The 22-member delegation led by Governor Scott Walker included executives from seven Wisconsin companies, The Water Council, the Milwaukee 7 regional economic development organization and WEDC staff. Company executives engaged in targeted, one-on-one meetings with potential business partners, while Governor Walker and WEDC leaders met with European companies to discuss expansion or investment opportunities in Wisconsin. The delegation made stops in Hannover, Germany; Paris and Montpellier, France; and Bilbao, Spain.
Highlights of the mission included:
· The University of Wisconsin School of Medicine and Public Health signed a memorandum of understanding with the German Center for Neurodegenerative Diseases to collaborate on research efforts aimed at slowing the onset of Alzheimer’s disease, Parkinson’s disease and other neurodegenerative diseases.
· The Water Council and WEDC signed an agreement with Veolia, a multinational company headquartered in Paris, to collaborate on a competition program for innovators and entrepreneurs in water technology. To be called “POW! Empowering Opportunities in Water,” the competition will be based at Milwaukee’s Global Water Center, where The Water Council is located.
· WEDC leaders met in Bilbao with business leaders in sectors such as water technology, energy, aviation and information technology to share insights on how the industry strengths of Wisconsin aligned with those in Spain’s Basque region.
· The delegation met in Montpellier with more than 30 French business leaders in in the bioscience and water technology sectors as part of a “Doing Business In Wisconsin®” event.
· The delegation strengthened relationships with partners in Europe, including Germany Trade & Invest, the Basque Business Development Agency (SPRI); Invest Sud de France;ACLIMA, a cleantech and water technology organization; HEGAN, an aviation and aerospace cluster group; and GAIA, an organization covering the fields of electronics, information technology and telecommunications.
· The delegation met with German companies at the Hannover Messe trade show, the world’s largest industrial fair. Governor Walker delivered a speech on free trade opportunities between the U.S. and the European Union. Wisconsin companies interested in growing their European exports met with potential partners, and WEDC business attraction staff met with companies attending the trade show to encourage investment in Wisconsin.
· The delegation met with government leaders in the Basque Country, the German state of Lower Saxony, and Wisconsin’s sister state of Hesse to explore opportunities for collaboration in economic development.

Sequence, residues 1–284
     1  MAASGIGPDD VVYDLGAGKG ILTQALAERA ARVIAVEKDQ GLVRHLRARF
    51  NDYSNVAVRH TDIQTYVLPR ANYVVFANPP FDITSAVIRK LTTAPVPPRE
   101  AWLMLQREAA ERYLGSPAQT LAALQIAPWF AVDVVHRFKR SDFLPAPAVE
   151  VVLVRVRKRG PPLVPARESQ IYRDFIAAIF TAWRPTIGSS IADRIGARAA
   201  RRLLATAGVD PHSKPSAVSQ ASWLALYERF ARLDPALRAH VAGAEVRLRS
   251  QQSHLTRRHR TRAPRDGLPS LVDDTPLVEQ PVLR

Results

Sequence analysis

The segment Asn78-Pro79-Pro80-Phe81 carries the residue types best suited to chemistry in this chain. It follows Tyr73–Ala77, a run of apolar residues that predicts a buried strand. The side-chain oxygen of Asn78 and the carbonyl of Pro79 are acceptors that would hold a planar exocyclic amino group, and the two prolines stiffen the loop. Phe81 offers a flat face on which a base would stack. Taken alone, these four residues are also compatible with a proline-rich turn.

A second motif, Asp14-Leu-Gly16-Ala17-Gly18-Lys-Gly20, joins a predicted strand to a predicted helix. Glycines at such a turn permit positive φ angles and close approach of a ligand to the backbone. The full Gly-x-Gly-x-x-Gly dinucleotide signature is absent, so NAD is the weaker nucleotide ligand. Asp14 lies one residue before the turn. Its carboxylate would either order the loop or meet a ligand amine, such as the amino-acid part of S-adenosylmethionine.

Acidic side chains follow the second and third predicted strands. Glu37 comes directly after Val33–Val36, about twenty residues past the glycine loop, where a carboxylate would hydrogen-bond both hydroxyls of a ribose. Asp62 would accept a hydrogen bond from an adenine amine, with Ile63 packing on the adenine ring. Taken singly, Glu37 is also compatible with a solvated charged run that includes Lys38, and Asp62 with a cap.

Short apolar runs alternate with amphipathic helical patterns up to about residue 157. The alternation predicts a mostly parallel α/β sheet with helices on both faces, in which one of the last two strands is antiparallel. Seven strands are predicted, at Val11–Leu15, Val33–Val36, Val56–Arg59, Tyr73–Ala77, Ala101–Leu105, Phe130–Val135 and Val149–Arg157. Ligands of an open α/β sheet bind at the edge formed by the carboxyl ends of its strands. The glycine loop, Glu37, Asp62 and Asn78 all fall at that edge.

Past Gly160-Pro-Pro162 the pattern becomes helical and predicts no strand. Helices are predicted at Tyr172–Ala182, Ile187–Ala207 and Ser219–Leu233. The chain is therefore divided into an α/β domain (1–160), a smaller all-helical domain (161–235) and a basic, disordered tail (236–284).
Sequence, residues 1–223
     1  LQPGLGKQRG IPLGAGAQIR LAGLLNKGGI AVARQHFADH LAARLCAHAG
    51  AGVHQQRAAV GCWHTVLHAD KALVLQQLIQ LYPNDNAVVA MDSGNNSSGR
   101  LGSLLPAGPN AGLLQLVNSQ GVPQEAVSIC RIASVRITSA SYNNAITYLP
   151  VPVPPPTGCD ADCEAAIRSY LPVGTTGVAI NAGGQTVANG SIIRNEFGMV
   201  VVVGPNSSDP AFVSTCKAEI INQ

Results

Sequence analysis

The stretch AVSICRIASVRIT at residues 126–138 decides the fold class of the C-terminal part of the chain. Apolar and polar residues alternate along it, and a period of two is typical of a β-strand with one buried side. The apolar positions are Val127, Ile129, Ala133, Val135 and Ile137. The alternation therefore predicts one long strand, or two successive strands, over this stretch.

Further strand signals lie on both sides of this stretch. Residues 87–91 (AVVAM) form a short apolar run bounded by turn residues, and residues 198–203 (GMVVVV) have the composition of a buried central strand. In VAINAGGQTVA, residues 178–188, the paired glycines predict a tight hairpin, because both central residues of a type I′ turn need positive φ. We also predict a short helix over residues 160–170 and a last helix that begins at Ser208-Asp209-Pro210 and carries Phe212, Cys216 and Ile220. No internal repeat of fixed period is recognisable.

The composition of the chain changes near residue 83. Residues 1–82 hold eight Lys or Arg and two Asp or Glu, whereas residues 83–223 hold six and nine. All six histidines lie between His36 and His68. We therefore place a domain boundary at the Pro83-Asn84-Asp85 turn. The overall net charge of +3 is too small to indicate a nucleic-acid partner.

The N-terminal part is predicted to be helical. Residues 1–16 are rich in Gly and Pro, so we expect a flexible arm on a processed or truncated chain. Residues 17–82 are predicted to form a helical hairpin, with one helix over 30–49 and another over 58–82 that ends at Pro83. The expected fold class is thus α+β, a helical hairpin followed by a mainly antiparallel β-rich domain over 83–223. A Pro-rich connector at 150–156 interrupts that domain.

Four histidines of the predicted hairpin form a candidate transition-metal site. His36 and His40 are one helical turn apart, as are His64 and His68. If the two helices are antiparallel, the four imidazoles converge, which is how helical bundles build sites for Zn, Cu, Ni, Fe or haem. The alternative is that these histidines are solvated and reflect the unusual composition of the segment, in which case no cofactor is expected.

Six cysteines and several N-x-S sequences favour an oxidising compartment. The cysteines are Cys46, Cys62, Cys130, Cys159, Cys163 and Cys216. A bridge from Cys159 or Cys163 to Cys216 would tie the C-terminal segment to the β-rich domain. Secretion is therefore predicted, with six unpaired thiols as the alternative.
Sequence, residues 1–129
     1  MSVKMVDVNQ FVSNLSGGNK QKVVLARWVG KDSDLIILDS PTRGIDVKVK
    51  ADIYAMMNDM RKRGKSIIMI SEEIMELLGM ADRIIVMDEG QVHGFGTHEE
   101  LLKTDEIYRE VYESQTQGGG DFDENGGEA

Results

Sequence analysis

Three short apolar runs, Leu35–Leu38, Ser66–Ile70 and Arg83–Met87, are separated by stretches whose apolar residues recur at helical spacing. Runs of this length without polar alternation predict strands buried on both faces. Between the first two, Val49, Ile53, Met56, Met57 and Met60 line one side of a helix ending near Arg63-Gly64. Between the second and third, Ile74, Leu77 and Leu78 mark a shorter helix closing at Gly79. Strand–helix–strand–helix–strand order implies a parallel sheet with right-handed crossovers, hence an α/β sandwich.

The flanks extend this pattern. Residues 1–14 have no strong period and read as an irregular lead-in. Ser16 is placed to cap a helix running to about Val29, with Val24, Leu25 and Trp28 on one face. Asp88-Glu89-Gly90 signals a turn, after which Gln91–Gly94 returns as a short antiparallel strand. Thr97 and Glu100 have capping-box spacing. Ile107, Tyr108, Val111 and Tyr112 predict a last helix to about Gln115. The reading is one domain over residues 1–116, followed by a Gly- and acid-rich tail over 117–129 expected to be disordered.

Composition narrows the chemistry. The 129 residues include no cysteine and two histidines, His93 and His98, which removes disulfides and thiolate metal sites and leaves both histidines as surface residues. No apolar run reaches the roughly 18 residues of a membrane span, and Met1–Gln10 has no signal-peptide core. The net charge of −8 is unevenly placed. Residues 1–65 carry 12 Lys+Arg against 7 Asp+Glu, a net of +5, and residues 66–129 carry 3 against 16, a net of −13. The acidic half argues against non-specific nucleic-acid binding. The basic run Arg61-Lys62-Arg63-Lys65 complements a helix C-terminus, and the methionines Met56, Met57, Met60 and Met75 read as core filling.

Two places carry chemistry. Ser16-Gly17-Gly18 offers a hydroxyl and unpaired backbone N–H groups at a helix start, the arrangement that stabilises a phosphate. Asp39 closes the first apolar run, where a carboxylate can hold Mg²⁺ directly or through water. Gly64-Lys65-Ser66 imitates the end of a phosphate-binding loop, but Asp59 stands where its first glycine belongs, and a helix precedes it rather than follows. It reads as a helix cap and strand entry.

· Delegation members held numerous other one-on-one meetings to help Wisconsin companies expand their exports and to attract foreign direct investment in Wisconsin.
“We had a number of excellent meetings with our water technology partners in Montpellier,” said Dean Amhaus, president and CEO of The Water Council. “It was just about one year ago that we signed an memorandum of understanding with our partners, and we can already see how we’ve progressed from broad overviews to focused discussions on water technology innovation funds and small business development opportunities. Over the next five months we will be together three more times, which will help move these discussions to firm activities.”
“Interest in the U.S. market continues to grow among overseas corporations,” added Wisconsin delegation representative Jim Paetsch, vice president of the Milwaukee 7. “Trips like this one give us the opportunity to meet face-to-face with executives who are making decisions on where to place investments. Wisconsin has a good story to tell.”
The Bon-Ton Stores, Inc. Launches New Exclusive Brand Le Tigre for Spring
Milwaukee – The Bon-Ton Stores, Inc. (NASDAQ: BONT), parent company of Bon-Ton, Bergner’s, Boston Store, Carson’s, Elder-Beerman, Herberger’s and Younkers department stores, has launched a new men’s and women’s exclusive brand collection, Le Tigre. The modern American sportswear brand, known for its iconic polo and white T-shirt with a tiger patch, originally launched in 1977 and is making a comeback with updated styles exclusively available at Bon-Ton. The collection has been designed to appeal to men and women with classic American style who are looking to add excitement and color to their wardrobes. The collection is now available in 150 select Bon-Ton stores and online at www.bonton.com.